Where counsel suffers from a potential conflict of interest but defense counsel did not disclose the conflict and the court had no independent reason to know of it, the court is not on notice and has no duty to inquire. Cuyler v. Sullivan, 446 U.S. 335, 346-48, 100 S.Ct. 1708, 64 L.Ed.2d 333 (1980). A defendant seeking to prove that he was deprived of the effective assistance of counsel under these circumstances must show that an actual conflict of interest existed and that it had an "adverse effect" on his lawyer's performance. Id. at 348, 100 S.Ct. 1708. Although "adverse effect" is a less onerous showing than "prejudice," cf. Strickland, 499 U.S. at 691, 111 S.Ct. 1547 (holding that defendant must show prejudice to prevail on ineffectiveness claim based on counsel's incompetence), the defendant is still required to show that the conflict "likely" had some impact on counsel's performance at trial. United States v. Mett, 65 F.3d 1531, 1535 (9th Cir. 1995) (citation omitted).
By contrast, when counsel's potential conflict of interest is brought to the court's attention, the trial judge is on notice and must "take adequate steps" to protect the defendant's rights. Holloway, 435 U.S. at 484-85, 98 S.Ct. 1173. To properly perform this duty, the trial judge must make an inquiry into the potential conflict. Glasser, 315 U.S. at 71, 62 S.Ct. 457; see also Smith v. Anderson, 689 F.2d 59, 63 (6th Cir. 1982) ("In the realm of the Sixth Amendment, when an objection to [a conflict of interest] is properly raised and dismissed without a searching review . . . a constitutional violation occurs.") (citations omitted). If the court determines that an actual conflict of interest exists, it must obtain the defendant's knowing and intelligent waiver to the conflict or provide the defendant with the opportunity "to seek new counsel." United States v. Allen, 831 F.2d 1487, 1495-96 (9th Cir. 1987); Ciak v. United States, 59 F.3d 296, 305 n. 5 (2d Cir. 1995).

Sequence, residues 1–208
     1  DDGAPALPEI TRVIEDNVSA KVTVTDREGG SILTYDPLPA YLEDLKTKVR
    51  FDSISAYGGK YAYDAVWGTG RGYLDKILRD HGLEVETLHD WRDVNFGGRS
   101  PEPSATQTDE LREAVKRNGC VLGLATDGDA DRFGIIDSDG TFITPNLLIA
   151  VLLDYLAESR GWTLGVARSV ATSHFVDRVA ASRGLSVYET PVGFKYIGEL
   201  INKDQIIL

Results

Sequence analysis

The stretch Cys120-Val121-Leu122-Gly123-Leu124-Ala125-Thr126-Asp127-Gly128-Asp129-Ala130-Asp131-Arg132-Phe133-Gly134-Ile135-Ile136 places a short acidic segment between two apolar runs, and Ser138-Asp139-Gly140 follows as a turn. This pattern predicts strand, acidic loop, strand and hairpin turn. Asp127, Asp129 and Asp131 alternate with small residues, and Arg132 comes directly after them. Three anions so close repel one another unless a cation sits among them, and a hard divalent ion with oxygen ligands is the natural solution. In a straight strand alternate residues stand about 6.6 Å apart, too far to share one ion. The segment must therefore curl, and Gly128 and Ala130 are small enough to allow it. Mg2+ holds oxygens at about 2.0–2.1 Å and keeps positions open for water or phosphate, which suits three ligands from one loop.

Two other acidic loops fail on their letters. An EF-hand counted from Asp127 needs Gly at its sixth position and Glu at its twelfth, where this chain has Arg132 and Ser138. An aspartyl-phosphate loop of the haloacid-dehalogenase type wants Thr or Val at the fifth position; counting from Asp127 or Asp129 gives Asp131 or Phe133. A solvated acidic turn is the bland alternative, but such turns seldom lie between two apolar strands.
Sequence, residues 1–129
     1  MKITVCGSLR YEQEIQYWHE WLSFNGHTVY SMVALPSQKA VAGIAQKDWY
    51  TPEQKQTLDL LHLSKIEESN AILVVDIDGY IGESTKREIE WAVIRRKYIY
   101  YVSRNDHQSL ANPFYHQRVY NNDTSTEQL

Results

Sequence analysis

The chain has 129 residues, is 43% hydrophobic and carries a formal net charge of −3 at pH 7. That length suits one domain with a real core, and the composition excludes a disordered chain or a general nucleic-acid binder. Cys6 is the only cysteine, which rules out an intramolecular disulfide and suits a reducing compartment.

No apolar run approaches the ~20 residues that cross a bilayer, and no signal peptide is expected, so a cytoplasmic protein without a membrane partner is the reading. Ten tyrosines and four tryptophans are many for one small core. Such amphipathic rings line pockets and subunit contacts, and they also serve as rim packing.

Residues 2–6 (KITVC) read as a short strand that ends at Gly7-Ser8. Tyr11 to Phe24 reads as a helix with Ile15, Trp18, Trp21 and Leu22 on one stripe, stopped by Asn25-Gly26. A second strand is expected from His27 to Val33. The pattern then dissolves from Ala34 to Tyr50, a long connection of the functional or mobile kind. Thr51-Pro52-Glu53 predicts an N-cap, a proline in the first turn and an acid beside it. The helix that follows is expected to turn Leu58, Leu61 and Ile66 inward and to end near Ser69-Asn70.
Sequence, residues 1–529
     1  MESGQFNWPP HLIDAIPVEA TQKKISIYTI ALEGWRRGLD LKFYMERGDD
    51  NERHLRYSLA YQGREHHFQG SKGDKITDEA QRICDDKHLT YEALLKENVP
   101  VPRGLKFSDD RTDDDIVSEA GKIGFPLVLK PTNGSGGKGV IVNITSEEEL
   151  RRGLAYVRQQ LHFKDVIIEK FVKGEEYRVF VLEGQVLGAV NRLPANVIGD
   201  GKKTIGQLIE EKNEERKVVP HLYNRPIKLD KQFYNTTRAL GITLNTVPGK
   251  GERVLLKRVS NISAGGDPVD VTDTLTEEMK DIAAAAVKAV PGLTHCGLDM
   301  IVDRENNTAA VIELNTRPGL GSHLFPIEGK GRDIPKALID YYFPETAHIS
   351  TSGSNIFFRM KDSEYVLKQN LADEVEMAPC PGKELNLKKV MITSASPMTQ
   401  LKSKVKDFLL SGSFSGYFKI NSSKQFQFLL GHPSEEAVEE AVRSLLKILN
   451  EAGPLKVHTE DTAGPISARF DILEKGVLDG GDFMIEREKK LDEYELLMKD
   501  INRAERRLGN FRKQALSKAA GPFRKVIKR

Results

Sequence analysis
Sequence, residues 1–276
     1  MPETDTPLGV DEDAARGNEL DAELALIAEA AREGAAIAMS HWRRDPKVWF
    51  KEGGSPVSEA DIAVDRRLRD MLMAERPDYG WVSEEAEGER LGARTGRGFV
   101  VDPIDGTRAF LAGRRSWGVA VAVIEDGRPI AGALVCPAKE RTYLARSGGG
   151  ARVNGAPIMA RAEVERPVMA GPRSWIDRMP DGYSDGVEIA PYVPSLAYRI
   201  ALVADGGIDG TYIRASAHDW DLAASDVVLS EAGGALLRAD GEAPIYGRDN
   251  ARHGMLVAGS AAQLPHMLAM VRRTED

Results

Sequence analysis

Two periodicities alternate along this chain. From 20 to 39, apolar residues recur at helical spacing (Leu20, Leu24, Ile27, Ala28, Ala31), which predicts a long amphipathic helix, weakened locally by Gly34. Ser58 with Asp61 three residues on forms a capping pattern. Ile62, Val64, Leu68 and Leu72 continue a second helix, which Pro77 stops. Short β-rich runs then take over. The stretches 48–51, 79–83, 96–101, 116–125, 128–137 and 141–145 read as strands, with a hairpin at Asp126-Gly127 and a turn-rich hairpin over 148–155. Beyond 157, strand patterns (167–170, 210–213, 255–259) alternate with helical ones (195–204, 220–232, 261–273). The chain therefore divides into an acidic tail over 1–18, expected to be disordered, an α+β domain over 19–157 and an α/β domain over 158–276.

B. Holloway v. Arkansas: The Automatic Reversal Rule
Where the trial court is on notice that a potential conflict of interest exists and instructs the parties to proceed to trial without making an inquiry, the court has failed to protect the defendant's essential rights to counsel and to a fair trial. As a result, the legal process is "contaminated," Satterwhite v. Texas, 486 U.S. 249, 257, 108 S.Ct. 1792, 100 L.Ed.2d 284 (1988), and the defendant's conviction is reversed automatically. Id. at 256, 108 S.Ct. 1792.
The Supreme Court announced the "automatic reversal" rule in Holloway, 435 U.S. at 488, 98 S.Ct. 1173, which involved a conflict of interest that arose when one attorney represented three co-defendants in a rape and robbery trial. Id. at 477, 98 S.Ct. 1173. Defense counsel repeatedly asked the trial judge to appoint a separate attorney for each co-defendant, explaining that, because all of the defendants wanted to testify, he could not examine or cross-examine any one of them without implicating the others. Id. at 477-80, 98 S.Ct. 1173. Despite these representations, the court declined to appoint separate counsel. Id.
Invalidating the convictions on appeal, the Supreme Court held that "whenever a trial court improperly requires joint representation over timely objection reversal is automatic." Id. at 488, 98 S.Ct. 1173. Explaining the basis for the automatic reversal rule, the Court stated: